Defendants next argue that the PUD employee involved here violated a policy or procedure of the Clallam County PUD. The "Policies and Procedures for Release of Information and/or Records to the Public Upon Request" state that they were adopted in order to outline the steps employees should take when releasing information or records to the public upon request. The procedures state in part:
When confidential information is requested from District records about a customer. The Information Officer is responsible for seeing that the person, about which the request is being made, receives, completes, and returns the Waiver Form before the information is released. If the person, about which the request is being made, cannot or will not come in to the office to sign the waiver, the Information Officer must mail the form and wait for it to be returned.
Clerk's Papers, at 132.
The procedures adopted by the PUD do not define "confidential information" and they specifically apply only to requests for information. It is not clear from this record when this procedure became effective, whether it was enacted before or after RCW 42.17.314 became law, whether it applies to the kind of information disclosed here, and whether it applies to records requested by police.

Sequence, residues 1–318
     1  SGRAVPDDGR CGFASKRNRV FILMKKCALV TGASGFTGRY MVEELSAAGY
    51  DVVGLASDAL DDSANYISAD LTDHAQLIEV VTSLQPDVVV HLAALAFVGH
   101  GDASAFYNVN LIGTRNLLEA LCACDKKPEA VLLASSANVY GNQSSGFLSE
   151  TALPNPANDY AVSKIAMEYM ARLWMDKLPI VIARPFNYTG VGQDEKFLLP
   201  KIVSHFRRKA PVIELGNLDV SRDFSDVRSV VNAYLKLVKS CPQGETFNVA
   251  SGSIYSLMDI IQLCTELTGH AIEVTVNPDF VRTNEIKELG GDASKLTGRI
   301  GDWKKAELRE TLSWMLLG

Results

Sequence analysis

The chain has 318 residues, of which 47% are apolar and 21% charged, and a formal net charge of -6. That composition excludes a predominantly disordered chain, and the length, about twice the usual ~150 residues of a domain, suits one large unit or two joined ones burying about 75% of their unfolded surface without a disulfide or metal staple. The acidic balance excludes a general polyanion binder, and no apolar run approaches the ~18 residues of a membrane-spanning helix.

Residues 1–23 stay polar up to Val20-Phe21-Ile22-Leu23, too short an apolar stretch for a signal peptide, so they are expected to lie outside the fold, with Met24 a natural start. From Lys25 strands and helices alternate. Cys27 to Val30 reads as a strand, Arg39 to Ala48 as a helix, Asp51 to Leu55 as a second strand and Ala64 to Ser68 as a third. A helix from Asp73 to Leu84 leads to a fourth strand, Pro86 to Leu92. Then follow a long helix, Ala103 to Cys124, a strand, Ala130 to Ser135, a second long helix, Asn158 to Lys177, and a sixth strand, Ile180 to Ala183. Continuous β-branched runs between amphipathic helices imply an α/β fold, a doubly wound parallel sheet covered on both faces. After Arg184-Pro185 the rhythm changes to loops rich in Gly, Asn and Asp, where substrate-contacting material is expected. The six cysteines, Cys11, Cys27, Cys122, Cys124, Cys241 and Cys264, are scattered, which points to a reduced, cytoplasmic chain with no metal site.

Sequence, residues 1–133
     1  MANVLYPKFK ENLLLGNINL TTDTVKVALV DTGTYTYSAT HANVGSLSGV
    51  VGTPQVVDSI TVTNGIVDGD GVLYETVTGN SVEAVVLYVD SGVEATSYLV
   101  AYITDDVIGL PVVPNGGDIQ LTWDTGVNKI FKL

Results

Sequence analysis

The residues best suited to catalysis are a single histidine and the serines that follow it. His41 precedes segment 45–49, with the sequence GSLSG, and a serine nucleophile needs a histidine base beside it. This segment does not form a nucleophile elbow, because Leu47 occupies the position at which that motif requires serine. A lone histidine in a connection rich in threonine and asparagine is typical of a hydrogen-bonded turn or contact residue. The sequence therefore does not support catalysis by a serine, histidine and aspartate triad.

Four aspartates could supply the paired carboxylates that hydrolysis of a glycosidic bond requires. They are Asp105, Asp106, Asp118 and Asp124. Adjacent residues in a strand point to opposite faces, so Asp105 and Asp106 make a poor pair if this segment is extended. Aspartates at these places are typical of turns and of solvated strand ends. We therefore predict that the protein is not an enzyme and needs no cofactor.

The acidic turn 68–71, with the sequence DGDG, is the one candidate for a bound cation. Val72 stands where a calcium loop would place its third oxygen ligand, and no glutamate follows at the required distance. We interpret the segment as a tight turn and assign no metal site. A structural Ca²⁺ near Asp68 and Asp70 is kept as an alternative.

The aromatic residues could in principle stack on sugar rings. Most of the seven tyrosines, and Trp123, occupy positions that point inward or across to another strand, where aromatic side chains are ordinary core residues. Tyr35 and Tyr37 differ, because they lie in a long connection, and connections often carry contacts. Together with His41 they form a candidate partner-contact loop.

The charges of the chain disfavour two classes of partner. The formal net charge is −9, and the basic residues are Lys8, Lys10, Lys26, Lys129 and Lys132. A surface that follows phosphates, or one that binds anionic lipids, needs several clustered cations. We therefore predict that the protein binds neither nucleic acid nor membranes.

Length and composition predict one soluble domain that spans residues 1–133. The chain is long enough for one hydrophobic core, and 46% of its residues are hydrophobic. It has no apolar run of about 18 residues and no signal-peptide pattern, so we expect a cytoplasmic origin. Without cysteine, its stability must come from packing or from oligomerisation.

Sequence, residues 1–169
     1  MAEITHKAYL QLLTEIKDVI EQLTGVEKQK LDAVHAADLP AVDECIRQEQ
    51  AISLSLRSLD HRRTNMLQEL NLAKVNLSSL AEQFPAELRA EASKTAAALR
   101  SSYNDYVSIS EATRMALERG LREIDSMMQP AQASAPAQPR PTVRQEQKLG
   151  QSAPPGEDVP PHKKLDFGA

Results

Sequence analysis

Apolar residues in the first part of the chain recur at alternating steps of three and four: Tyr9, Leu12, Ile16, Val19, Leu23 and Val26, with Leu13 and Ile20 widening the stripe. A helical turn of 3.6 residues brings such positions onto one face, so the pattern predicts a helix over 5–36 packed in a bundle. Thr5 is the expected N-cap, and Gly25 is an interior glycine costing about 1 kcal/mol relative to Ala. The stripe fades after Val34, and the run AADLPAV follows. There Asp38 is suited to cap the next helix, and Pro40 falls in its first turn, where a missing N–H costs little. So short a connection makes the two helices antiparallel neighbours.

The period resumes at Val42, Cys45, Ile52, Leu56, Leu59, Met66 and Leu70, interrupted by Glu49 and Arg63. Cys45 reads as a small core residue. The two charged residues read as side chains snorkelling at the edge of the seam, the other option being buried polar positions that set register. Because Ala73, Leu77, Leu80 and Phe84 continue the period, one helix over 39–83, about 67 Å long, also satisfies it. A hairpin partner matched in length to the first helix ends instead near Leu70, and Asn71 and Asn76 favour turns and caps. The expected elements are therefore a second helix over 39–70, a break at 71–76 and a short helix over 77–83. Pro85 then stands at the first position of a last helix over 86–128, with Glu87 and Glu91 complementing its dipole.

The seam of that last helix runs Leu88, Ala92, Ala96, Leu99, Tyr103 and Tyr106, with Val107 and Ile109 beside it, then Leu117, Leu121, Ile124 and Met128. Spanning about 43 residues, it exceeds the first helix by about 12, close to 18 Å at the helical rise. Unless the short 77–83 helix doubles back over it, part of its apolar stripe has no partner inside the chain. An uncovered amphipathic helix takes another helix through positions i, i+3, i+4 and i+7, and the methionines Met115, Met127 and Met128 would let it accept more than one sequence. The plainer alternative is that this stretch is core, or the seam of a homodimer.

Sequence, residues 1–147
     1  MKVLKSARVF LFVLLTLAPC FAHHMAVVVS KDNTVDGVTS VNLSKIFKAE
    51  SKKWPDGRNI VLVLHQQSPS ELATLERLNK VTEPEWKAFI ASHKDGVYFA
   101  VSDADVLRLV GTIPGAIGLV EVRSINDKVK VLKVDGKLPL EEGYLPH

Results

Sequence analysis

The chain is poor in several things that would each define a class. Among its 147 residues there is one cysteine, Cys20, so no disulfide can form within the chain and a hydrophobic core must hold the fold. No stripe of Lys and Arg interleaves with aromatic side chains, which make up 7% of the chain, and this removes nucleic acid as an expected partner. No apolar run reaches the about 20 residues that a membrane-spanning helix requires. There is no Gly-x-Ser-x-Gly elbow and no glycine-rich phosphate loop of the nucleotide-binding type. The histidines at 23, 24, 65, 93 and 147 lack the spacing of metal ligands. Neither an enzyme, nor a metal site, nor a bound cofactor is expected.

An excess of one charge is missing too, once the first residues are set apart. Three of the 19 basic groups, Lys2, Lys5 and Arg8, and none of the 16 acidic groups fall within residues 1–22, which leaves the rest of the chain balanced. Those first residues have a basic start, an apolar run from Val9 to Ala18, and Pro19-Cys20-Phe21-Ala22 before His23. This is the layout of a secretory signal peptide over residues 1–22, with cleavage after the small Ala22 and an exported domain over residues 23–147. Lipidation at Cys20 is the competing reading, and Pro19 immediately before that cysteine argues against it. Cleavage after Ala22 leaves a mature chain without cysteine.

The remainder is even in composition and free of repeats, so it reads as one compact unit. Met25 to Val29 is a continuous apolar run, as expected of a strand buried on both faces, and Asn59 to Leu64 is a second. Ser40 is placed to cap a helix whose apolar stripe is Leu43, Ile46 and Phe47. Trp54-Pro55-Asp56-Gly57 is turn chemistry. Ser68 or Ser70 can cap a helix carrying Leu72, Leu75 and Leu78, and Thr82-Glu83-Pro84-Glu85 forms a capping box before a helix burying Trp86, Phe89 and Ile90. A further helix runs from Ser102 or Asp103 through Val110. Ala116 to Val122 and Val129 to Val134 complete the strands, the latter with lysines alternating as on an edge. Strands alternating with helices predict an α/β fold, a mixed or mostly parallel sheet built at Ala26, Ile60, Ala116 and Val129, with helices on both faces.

These guidelines for employees clearly do not create a federal constitutional right to privacy in PUD records.
CONCLUSION. The agent investigating the residence located in Sequim did not substantially and unreasonably depart from the area impliedly open to the public and thus did not violate the privacy rights of defendants.
As explained above, after reviewing the PUD records for the residence and garage at 431 Atterbury Road, the Drug Task Force requested a former police officer who was then working as a private investigator to aid them in the investigation.
On June 27, 1991, the investigator went to 431 Atterbury Road to look for evidence of a marijuana grow operation. The residence is located in a rural area. The investigator testified that he drove to the residence on Atterbury, drove in the driveway and noticed another vehicle parked there. He immediately went to the front door. There was no answer to his knock so he walked toward the garage, as he believed he heard someone in the garage. The investigator testified that the overhead door to the garage looked as though it would not open, so he walked on what appeared to be the obvious pathway to the garage entry door. There was no response to his knock on that door either and he then returned to his vehicle. While he was on the property, the investigator smelled growing marijuana and he saw evidence of a marijuana grow operation. This evidence was used to obtain a search warrant.
Defendants claim that the evidence found by the investigator was the result of an unconstitutional search and that it therefore should have been suppressed. We disagree.